If that wasn’t enough reason to give some extra TLC to your hips, I’ll try another fun fact: the psoas muscles are also connected with the sympathetic nervous system, or our “fight or flight” responses. When your brain is alarmed, your body’s natural response is to tighten and contract your psoas. So, when your hips are tight from life, it sends a message to your brain that you are in danger, and you remain in a more heightened (i.e. stressful) state at all times.

TLDR: Tight hips can = low back pain. 

Here are some easy stretches and gentle strengthening exercises that you can do at home, at work or in line at the coffee shop (I dare you!) to help with chronic low back pain.

Low Back Pain Relief Sequence

1. Cat/Cow & Hip circles

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Get on your hands and knees in a tabletop position, make sure that your wrists are stacked right under the shoulders and your knees are stacked right under the hips.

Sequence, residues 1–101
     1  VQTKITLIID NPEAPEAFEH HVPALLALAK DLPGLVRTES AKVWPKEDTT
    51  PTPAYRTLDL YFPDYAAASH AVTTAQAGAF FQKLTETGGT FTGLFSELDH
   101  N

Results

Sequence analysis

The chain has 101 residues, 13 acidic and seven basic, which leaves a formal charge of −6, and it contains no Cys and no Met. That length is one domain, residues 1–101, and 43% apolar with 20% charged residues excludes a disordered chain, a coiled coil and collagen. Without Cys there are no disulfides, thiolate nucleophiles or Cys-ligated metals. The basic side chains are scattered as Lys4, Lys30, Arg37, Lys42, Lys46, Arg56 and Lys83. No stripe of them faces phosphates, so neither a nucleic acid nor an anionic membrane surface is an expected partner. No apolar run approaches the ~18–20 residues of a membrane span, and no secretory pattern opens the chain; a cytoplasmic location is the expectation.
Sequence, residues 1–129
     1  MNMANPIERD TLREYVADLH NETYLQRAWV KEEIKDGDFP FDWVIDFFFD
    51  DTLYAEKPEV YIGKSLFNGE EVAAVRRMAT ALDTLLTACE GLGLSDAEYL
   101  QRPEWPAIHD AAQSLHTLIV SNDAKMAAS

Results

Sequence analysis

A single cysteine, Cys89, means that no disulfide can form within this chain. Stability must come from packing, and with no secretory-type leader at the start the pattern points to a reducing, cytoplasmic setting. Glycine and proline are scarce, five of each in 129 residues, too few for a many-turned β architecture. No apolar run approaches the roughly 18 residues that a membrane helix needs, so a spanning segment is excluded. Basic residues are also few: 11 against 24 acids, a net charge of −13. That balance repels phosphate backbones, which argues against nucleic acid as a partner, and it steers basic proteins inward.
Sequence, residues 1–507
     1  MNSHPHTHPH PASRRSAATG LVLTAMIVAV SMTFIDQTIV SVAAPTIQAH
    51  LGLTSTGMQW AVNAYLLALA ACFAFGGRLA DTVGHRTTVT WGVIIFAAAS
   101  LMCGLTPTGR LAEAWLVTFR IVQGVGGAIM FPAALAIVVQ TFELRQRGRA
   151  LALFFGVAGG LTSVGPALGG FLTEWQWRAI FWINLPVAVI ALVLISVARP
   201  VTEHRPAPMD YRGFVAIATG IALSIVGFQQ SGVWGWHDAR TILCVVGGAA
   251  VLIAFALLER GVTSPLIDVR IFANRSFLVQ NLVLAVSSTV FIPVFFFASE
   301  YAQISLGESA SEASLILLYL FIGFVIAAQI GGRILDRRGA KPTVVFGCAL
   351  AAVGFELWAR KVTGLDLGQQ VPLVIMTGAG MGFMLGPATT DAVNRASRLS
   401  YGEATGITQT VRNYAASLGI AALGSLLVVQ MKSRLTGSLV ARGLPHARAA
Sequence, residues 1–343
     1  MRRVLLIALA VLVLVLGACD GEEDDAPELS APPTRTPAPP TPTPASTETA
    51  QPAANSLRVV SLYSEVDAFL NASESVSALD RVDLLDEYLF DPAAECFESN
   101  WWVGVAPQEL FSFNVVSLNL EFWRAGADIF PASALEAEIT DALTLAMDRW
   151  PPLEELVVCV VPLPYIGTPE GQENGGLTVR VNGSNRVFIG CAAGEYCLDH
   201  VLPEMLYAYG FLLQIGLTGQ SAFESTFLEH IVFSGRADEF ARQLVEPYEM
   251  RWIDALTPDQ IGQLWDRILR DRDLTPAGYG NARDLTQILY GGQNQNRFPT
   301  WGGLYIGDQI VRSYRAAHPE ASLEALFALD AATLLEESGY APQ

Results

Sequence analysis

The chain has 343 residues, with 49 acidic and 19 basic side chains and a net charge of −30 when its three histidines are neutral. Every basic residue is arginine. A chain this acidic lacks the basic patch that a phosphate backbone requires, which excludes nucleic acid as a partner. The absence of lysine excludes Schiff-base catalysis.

Inhale: Gently start to tip the pelvis forward, dropping the belly to the floor and bring your gaze forward

Exhale: Tuck your chin and round your back like a scared Halloween cat.

Approximately 10 rounds.

Then, start to circle your hips in one direction, drop them down towards your heels and then up and over to the other side. You can play with making big circles or little circles.

Bonus: combine cat/cow & hip circles together, backbending or rounding as you circle your hips around. If you’re worried about how it looks, close your eyes. Make sure to move in both directions.

2. Lunge

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Place one foot forward on the floor directly underneath the knee. Back knee stays down on the floor, maybe under a blanket or cushion if there is any discomfort in the knee. Make sure that your front knee is directly over or behind the ankle, but NOT in front of the ankle to protect the knee. You should feel the stretch in the front of the hip. If you feel sensation in your low back, don’t lunge as deeply.

Soften your shoulders down your back and BREATHE. At least 6 breaths on each side.

3. Figure 4

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Lay down on your back and bend both of your knees. Place one ankle over the other knee, keeping the lifted ankle and foot flexed. Either stay here, or for more of a stretch, reach forward and grab onto the back of the bottom thigh or front of the bottom shin. You should feel stretching sensation deep in your gluteal region. Try to avoid arching in your low back.